A Sibelius programme to mark the centenary of Finland as an autonomous nation was an obvious concert for the BBC Symphony Orchestra to have given with Sakari Oramo; players and conductor accordingly giving of their best to make this an auspicious event.
Not the least of its attractions was the first complete hearing in the UK of Music for the Press Celebrations (1899), which snappy title saw Sibelius marking a fund-raising occasion through music for six tableaux encompassing the Grand Duchy’s history while covertly encouraging Finnish aspirations for autonomy in the process. Over half of this music outlasted its purpose – tableaux one, three and four revised as the first set of Scènes historiques (which Oramo conducted at this year’s Proms), and it was fascinating to hear the evocative ‘The Song of Väinämöinen’, the bracing ‘Scene from Duke John’s Court’ then the alternately pensive and heroic ‘The Finns in the Thirty Years War’ in their original guise; formal and expressive rough edges not inappropriate in the context of so emotionally charged an event.
Not that the second and fifth tableaux are less memorable, though Sibelius might have been hard-pressed to refashion the dense textures and static harmonies of ‘The Finns are Baptised’, or the fervent if discursive unfolding of ‘The Great Hostility’ into a more abstract or at least less-specific context. Not that such issues inhibited Oramo, who characterised each section with powerful immediacy; the sequence topped with a ‘Prelude’ for wind and percussion of ceremonial import then tailed with the imposing vision of the future that is ‘Finland Awakes’. This final piece soon found fame as Finlandia and it was astute of Oramo not to render it in the first version with its rather perfunctory end, but in an intermediate version with the hymn-tune rendered in full at the climax – thereby bringing the whole work to a more decisive close.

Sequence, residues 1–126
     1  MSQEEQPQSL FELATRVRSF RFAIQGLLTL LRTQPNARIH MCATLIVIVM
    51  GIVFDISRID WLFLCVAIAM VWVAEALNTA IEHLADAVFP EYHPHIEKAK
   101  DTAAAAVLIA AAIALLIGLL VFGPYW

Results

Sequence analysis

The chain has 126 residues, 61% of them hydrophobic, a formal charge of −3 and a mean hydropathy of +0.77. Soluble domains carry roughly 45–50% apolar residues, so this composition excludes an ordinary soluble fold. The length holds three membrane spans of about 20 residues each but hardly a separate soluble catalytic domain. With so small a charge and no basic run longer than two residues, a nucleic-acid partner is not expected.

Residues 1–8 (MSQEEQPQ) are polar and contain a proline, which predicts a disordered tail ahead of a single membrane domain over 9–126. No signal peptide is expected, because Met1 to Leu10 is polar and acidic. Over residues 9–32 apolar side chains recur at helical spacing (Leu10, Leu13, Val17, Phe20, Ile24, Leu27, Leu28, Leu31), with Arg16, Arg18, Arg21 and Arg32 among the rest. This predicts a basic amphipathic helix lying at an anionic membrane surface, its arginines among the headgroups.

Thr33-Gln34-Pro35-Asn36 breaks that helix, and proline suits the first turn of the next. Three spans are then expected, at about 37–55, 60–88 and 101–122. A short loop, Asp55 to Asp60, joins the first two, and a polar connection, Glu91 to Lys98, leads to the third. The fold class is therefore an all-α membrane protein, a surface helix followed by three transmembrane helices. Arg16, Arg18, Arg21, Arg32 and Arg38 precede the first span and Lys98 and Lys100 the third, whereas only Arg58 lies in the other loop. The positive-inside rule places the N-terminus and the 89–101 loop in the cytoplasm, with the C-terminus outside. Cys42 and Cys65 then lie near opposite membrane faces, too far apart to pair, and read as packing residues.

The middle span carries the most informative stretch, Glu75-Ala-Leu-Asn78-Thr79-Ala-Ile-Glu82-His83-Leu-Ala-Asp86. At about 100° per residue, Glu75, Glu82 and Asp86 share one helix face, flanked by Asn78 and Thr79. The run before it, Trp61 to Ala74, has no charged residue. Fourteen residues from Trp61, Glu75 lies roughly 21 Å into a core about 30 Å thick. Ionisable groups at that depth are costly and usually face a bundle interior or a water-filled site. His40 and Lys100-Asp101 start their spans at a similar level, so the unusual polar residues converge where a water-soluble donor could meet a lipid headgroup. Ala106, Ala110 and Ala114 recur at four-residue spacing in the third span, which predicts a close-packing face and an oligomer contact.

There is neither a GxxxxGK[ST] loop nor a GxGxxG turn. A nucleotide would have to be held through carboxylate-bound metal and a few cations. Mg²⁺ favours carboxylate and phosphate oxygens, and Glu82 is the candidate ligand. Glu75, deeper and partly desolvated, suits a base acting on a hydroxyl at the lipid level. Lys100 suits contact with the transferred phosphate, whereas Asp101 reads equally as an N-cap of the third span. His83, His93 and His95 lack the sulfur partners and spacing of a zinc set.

Contrast came after the interval with the Two Serious Melodies (1915) in its rarely heard yet more fitting version with cello. The years of the First World War were arduous for Sibelius, who produced numerous shorter pieces while grappling with his Fifth Symphony. Brief as is the present brace, its underlying intensity can hardly be doubted – not least in the way that the eloquent ‘Cantique’ finds a pointed contrast with the sombre ‘Devotion’. Guy Johnston gave these miniatures with thoughtful restraint, their poise never obscuring emotional acuity.
Finally, the First Symphony (1899) – a work that Oramo has given with orchestras in Birmingham, Helsinki and Bucharest (among others), but this reading underlined just how his interpretation has evolved – not least an opening movement whose momentum was finely propelled and an Andante whose emotional warmth never cloyed. The Scherzo had impetus and wistfulness, and then Oramo’s control during the Finale banished any thought of its al fresco construction in favour of a formal follow-through as cohesive as it was inevitable.
With the BBCSO at its collective best, this was a high-point of the current Oramo-led Sibelius cycle and one to which the audience’s response was immediate and prolonged – the sight of Finnish flags unfurled only adding to the sense of occasion as informed this whole concert.